Agranimo receives funding from Nector Holdings to accelerate growth in the fresh produce industry and improve its technology platform
Today we officially announce the investment of €2 million from Nector Holdings, the Agtech arm…
“How can agriculture adapt to climate change through technology?
Global warming is a reality that is becoming more and more evident, what is not so clear is how to change to help deal with this phenomenon effectively and quickly. Agranimo is a Russian-Chilean initiative that has found what seemed unattainable, a formula that rationalises crops through real-time monitoring.”- CNN Chile.
We are very excited to be featured in the CNN Chile programme that focused on the companies rooting for sustainable changes and raises very important questions: How can companies cope with the effects of climate change? What are the practical solutions available to mitigate the effects and forecast the risks?
It is the music of water, fresh and abundant, typical of other times. Since 1912 the boat of the German Fountain has been sailing on an imaginary sea in the Forest Park. We are in 2019 and this has been transformed into a river of water wasted in the midst of the drought that is advancing in the country’s cities and also in the countryside.
It is here that the consequences of climate change are felt more strongly than ever, with a mega-drought that has already been going on for 10 years with a 30 percent deficit in rainfall between Coquimbo and La Araucanía. As in Isla de Maipo, where despite everything they still resist the changes.
“It’s always been an old-fashioned view. The person responsible for irrigation has been doing irrigation and it is difficult to give him another task” says Camilo Hernández in charge of Viña Terramater
However, adaptation is urgent. And the challenges are not just for jobs, but for the entire agricultural sector.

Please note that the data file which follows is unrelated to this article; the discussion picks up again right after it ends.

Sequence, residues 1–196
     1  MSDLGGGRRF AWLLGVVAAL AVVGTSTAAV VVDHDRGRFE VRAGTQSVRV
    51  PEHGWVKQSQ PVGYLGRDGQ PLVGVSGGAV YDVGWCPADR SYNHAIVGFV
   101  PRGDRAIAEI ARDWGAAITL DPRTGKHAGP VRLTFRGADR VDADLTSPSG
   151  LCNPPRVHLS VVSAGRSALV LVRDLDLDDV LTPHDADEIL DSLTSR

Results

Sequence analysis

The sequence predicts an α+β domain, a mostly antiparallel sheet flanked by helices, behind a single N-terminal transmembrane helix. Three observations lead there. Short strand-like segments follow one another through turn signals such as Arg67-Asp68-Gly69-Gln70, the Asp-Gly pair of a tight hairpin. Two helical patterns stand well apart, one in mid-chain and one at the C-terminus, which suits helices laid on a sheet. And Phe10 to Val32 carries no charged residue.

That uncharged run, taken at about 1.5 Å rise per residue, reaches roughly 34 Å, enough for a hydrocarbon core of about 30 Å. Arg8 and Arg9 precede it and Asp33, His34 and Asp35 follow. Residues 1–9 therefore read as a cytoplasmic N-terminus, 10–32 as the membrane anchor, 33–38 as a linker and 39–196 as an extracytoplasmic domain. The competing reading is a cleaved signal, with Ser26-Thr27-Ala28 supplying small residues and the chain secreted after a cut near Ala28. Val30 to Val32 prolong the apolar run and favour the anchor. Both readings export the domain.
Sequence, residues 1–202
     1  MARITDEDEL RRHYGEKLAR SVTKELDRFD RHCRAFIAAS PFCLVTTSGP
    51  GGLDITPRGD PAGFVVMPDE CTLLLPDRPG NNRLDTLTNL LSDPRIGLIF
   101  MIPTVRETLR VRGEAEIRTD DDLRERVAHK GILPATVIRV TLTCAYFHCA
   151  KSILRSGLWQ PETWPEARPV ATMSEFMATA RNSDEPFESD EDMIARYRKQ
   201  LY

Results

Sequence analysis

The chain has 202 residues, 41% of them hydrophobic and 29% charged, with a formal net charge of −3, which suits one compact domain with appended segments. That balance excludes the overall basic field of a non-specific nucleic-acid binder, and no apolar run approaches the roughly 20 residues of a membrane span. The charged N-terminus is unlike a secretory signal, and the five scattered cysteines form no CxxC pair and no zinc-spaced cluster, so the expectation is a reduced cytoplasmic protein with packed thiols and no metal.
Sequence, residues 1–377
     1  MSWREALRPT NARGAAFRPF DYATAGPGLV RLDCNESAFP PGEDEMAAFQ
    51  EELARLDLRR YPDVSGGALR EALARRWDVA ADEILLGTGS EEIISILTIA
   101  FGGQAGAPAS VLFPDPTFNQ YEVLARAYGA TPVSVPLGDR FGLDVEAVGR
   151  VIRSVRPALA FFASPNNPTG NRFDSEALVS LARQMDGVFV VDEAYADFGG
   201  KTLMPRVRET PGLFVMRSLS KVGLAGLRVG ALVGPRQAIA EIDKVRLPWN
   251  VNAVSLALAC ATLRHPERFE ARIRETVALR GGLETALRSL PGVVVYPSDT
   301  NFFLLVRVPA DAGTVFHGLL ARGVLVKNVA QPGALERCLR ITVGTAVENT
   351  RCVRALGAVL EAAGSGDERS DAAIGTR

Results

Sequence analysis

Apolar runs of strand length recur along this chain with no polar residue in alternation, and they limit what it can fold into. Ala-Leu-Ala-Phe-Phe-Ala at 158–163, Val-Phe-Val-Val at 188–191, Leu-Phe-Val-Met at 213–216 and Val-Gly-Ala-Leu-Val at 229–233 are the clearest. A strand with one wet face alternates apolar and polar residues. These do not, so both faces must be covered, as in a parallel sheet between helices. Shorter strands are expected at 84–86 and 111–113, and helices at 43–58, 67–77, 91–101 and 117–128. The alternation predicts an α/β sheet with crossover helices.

“The same paradigm has already changed in recent years and no longer seeks to maximize production only, but also to do it in the best possible way, to do it as efficiently as possible, and that is where technology comes in. If, for example, with the litres of water you have an efficiency of only three litres of water from ten to the plant, you are capable of taking that to nine with technology,” says Adolfo Donoso, scientific director at Agranimo.
How to do it? To help answer that question Agranimo was created. A Russian-Chilean startup dedicated to rationalizing agriculture through real-time monitoring of climate factors affecting crops.
“The technology we have developed consists of two parts. First – is a one-meter moisture probe, which has four levels of soil measurement. And what it does is, it is installed in a one-meter hole made with the drill and then it communicates, when there is the internet, everything to the cloud and to the platform, through this small station, which also works as a black box, and as climate sensors. This climate information is what allows us to do everything there is: the alerts, alarms, and development with artificial intelligence. While the sensor is what allows us to have a water status of the orchard,” explains Donoso.
Currently, Agránimo provides services in Chile to more than 30 producers of apples, cherries, avocados, walnuts, hazelnuts, blueberries and olives. And it works outside the country with research centres in Puerto Rico, Germany and Russia. Its creators started out concerned with more efficient irrigation, but have expanded their work to what they call microclimate analysis.
“The farmer’s job is to see how the climate, the environment changes and do something to give the plant better conditions, anything to make the plant grow and have better results,” says Nikita Gulin, co-founder of Agranimo.
And the scope of this application is not limited to fieldwork. They are now considering extending their services to distributors of agricultural products, eventually, to the whole world. The idea is that those who buy from outside will know what product to expect.
“Every supermarket in China, in Germany, anywhere in the world that buys, has to worry about the microclimate of a field that is in Maule, for example. That is why we realized that with this analysis we can share this microclimate emergency with all the participants of the chain and thus share a little bit of the cost of the whole system. Because everyone gets the value from this and the cost has to be shared as well. Not only the farmer pays, but the whole chain pays – the logistics company, the supermarket, the importer, exporter, all the participants. This is our vision for the fruit industry in general,” says Gulin.
There are many plans and little time left. The climatic emergency is advancing and more and more scenes like these will be only the memory of times when it could still be wasted.